Having root privileges is the equivalent of administrator privileges on a desktop PC. It just enables you to fully access and change things on your Android phone. However, some find the extra functionalities dangerous or want it disabled due to certain functions and apps not working. Niantic, the creators of the vastly popular Pokemon GO app disabled the use of rooted Android phones and jailbroken iOS devices. There are ways to bypass this on Pokemon GO - see our deciated article for a guide on how to hide root.

You might also want remove root in order to receive official software updates, where some phone manufacturers prevent OTA updates if you're rooted - understandably you might want to permanently unroot your Android phone or tablet, so here's our guide. To check if you've got root, we recommend downloading Root Checker for free on the Play Store. Also see: How to root Android.

How to unroot Android: SuperSU unrooting

The SuperSU app is a must-have if you've rooted. Often you'll find the app installed after you've rooted, so look for it in your app drawer. If it's not installed you can download it for free on the Play Store.

When you've launched the app and ironically granted it root access, you'll see a few tabs, more specifically Settings. If you scroll down within the Settings tab, you'll see a Full unroot option. Tap it and you'll be prompted to completely unroot your device - when you continue, SuperSU will close. Reboot your device and you should now be unrooted.

Make sure to delete the app (among other root apps) after you've finished. Check with the Root Checker app to confirm a successful unroot. Also see: How to play Pokémon GO on rooted phone.

How to unroot Android - SuperSU

How to unroot Android: Universal Unroot app

Another app that allows you to fully unroot your Android device is, Universal Unroot. The app is paid-for, where it costs £0.78 on the Play Store. The app works in the same way as SuperSU, but where some have had problems with SuperSU, Universal Unroot has had the ability to fully unroot an Android device.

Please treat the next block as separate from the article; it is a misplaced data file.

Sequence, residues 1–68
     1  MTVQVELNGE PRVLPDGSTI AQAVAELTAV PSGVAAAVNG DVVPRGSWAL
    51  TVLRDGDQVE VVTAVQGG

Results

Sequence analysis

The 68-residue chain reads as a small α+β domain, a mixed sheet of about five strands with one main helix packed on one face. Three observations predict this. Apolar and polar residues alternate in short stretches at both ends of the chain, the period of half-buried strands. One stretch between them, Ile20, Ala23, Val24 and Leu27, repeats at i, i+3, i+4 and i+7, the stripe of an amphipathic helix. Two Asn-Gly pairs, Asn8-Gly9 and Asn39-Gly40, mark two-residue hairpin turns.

Once you launch the app, it will be self explanatory as you'll have the option to unroot your device.

It should be noted that some phone manfacturers make it hard for apps to work, such as Samsung (with KNOX) and LG (with LG eFuse) that make it very hard to unroot. If you have a device with these features, we would suggest navigating to XDA Developers' forums and asking (search before asking!) about your specific device. Check the Root Checker app to confirm a successful unroot.

How to unroot Android - Universal unroot

How to unroot Android: ES File Explorer (manual unroot)

ES File Explorer is a free file manager app on the Play Store that allows you to use root functionalities to delete system apps.

This method involves a more manual apparoach and might to guarantee you a full unroot, as it's only used to delete system apps (including root-apps), but this won't necessarily remove root from your file system.

Nevertheless, it's worth trying if the prior two solutions haven't worked.

Open ES File Explorer and scroll down to Tools and turn on Root Explorer. You'll be prompted to enable root, accept and go back to the main menu by tapping '/'.

From your main directory, go into 'system' > 'bin' and find the 'busybox' and 'su' folders. Sometimes these folders might not exists on a device, but if they do, delete them.

Go back using '/' and open the 'app' folder. Delete 'superuser.apk' and then reboot your Android device. You should now be unrooted, but if you're not read on. Also check the Root Checker app to confirm a successful unroot.

How to unroot Android - File Explorer

How to unroot Android: Flash stock firmware

If you still have root, the best option would be to flash stock firmware. There are many guides per device on the XDA Developers forums - as each device is specific. You can also find many YouTube guides, such as this one from TotallydubbedHD that guide you on how to unroot and flash a stock ROM.

Remember, every device is different, so be sure to download the right stock ROM (including region) and follow written guides for your specific device. If you're unsure, be sure to ask before flashing, or else you might end up with a very expensive brick!

It should also be noted that you can sometimes unroot by simply installing an OTA update. Unfortunately, this isn't always the case with all phone manufacturers, where some won't allow you to update while rooted and others simply don't push out many OTA updates. You can always check the Root Checker app to confirm if you've successfully unrooted.

How to unroot Android - Root Checker